Back in high school, I used to fear picking up the phone.
Whether it was to call a local store, a potential job opportunity, or a female – I couldn’t muster the courage to press those numbered buttons and wait anxiously for an unfamiliar voice on the other end.
If you’re a lawyer for either the NBA players or owners, it should.
Because that must be the only excuse either side has for not calling the other since David Stern announced his final offer, saying there’s “really nothing left to negotiate about” and player’s responded days later by disclaiming as a union and filing multiple antitrust lawsuits.
“I think they’ve made pretty clear…that they’ve got no interest in talking to us,” David Boies, the player’s lead attorney, said in regards to the league’s lawyers at his Manhattan office Monday. “It takes two people to negotiate.”
Rather than find out if that’s an option, Boies announced the players would merge two antitrust lawsuits to expedite the court process.
But nothing will accelerate a deal and the possibility of a shortened NBA season faster than negotiating a settlement out of court, a process that can only take place if lawyers from both sides meet.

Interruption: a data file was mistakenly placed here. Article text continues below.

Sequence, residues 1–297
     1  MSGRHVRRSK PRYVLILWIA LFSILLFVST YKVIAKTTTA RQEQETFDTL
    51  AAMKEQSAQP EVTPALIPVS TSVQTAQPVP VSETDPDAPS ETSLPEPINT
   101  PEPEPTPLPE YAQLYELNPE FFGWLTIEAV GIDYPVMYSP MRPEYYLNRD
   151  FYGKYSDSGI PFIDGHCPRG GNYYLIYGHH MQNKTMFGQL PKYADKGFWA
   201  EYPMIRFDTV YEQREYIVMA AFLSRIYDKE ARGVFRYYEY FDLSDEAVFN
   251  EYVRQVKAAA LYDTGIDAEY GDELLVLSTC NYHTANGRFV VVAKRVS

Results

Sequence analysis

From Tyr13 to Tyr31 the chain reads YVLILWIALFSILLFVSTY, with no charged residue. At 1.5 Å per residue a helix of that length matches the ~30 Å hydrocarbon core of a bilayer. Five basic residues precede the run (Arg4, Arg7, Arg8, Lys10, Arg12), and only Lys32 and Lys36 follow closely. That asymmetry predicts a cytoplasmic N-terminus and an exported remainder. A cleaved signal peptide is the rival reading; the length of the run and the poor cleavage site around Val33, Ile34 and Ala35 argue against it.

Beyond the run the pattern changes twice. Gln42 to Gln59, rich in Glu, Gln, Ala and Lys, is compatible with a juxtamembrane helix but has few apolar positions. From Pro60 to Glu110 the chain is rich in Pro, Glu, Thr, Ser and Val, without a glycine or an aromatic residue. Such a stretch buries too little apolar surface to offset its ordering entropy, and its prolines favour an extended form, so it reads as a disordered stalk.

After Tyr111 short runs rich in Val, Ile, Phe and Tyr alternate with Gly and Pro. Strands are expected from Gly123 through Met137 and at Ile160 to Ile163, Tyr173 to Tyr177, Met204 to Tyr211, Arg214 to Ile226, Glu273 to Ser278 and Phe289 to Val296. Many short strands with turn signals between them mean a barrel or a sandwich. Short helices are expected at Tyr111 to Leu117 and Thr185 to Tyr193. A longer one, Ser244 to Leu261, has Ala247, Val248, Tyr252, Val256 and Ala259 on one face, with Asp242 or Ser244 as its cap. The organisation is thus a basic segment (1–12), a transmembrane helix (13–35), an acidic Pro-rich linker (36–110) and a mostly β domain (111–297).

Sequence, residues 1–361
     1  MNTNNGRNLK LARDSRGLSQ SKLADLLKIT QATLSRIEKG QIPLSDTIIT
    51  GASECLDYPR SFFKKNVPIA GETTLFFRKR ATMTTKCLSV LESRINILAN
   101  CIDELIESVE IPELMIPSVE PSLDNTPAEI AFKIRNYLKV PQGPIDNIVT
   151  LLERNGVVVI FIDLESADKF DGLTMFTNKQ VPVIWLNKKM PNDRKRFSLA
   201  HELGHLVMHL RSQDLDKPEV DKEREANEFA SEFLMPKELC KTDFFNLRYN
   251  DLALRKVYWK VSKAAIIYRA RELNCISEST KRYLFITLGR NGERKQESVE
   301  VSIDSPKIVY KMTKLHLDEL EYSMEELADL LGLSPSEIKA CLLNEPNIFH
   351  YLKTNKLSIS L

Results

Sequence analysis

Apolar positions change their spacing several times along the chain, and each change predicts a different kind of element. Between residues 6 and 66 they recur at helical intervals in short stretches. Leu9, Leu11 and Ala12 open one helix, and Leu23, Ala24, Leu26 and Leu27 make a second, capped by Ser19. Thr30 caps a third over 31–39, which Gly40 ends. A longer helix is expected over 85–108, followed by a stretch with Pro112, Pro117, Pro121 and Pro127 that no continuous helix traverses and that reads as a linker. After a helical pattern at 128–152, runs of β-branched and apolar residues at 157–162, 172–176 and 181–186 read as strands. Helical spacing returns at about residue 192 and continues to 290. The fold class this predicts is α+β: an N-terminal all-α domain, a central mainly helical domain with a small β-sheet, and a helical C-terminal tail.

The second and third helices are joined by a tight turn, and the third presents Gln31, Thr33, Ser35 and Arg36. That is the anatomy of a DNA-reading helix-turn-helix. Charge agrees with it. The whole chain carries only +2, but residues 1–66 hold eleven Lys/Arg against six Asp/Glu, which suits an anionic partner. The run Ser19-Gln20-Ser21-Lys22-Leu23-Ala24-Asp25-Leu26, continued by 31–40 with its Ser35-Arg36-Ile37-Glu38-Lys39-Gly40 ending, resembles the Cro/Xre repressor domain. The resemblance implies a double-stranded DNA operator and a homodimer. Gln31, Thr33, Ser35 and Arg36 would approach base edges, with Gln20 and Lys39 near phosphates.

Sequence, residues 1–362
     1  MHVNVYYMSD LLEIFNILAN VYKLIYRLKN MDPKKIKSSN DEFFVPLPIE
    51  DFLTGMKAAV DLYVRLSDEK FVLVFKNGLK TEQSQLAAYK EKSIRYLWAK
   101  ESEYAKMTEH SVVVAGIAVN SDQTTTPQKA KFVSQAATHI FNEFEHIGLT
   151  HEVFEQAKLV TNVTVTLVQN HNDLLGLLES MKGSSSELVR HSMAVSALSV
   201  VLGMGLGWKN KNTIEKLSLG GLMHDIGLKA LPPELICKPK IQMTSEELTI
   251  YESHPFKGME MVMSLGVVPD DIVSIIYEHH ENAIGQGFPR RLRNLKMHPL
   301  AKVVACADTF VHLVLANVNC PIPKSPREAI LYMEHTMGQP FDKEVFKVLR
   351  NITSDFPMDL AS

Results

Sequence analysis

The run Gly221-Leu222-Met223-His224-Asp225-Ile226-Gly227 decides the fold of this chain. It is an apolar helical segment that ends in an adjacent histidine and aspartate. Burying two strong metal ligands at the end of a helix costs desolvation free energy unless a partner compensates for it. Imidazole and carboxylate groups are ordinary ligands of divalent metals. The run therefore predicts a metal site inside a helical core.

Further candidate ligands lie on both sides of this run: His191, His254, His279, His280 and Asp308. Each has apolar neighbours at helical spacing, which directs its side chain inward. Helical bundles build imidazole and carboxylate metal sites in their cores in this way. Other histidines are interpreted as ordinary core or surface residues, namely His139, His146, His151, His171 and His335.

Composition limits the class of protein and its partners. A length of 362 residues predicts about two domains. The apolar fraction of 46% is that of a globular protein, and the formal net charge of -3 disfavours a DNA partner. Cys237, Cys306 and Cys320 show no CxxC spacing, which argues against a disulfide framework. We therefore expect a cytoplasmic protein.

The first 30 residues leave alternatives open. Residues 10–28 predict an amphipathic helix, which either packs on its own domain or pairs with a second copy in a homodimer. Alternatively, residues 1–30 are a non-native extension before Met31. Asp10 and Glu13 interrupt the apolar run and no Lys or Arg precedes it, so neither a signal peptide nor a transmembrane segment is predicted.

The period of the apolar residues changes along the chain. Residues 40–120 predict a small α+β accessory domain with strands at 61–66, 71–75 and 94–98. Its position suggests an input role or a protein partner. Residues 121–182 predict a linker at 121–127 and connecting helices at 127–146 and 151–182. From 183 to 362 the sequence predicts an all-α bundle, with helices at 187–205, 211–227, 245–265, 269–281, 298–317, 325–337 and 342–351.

What are they waiting for? The pulsing ringtone of their telephones, for starters.
Because the union disclaimed and is now considered a trade association, Stern and Billy Hunter can no longer negotiate directly. It is up to lawyer’s from each side to set the conversation in motion.
Boies believes the dispute should be settled outside of court. And even said, “I don’t have any problem with making the first call.”
That would put the onus, as Boies stated, on the owners, right?
If you believe Mike Bass, an NBA senior vice president of communications, the answer is, “no.”
“Mr. Boies is wrong,” Bass told NBA.com’s Steve Aschburner. “As the union knows, we’re very receptive to negotiations without regard to who places the call.”
So let me get this straight. Both sides are receptive to accepting a phone call. And both sides are willing to place a phone call.
Then why hasn’t said phone call been placed?
An answer to this riddle is nearly as troubling as the lockout itself. It serves as a microcosm for the previous five months and 145 days.
Each side knows there is a deal to be done. Each side knows a deal should be done.
But they can’t see pass their own egotism and bring rationality to the equation.
We are talking about grown men here. Not 15-year-old boys.
Stop acting like children and pick up the phone.
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